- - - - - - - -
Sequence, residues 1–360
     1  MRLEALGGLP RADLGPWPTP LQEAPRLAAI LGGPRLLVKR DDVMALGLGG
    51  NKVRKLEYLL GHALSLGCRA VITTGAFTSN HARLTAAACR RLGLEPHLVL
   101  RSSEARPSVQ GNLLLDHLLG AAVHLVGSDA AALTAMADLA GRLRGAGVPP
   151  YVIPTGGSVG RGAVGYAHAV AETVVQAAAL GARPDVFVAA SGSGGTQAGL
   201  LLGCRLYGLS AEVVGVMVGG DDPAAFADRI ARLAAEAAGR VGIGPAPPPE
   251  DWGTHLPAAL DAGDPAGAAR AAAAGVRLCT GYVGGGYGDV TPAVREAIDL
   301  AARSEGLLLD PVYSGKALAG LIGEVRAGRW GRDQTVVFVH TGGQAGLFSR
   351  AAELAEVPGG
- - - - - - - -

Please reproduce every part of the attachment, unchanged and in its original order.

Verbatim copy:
Sequence, residues 1–360
     1  MRLEALGGLP RADLGPWPTP LQEAPRLAAI LGGPRLLVKR DDVMALGLGG
    51  NKVRKLEYLL GHALSLGCRA VITTGAFTSN HARLTAAACR RLGLEPHLVL
   101  RSSEARPSVQ GNLLLDHLLG AAVHLVGSDA AALTAMADLA GRLRGAGVPP
   151  YVIPTGGSVG RGAVGYAHAV AETVVQAAAL GARPDVFVAA SGSGGTQAGL
   201  LLGCRLYGLS AEVVGVMVGG DDPAAFADRI ARLAAEAAGR VGIGPAPPPE
   251  DWGTHLPAAL DAGDPAGAAR AAAAGVRLCT GYVGGGYGDV TPAVREAIDL
   301  AARSEGLLLD PVYSGKALAG LIGEVRAGRW GRDQTVVFVH TGGQAGLFSR
   351  AAELAEVPGG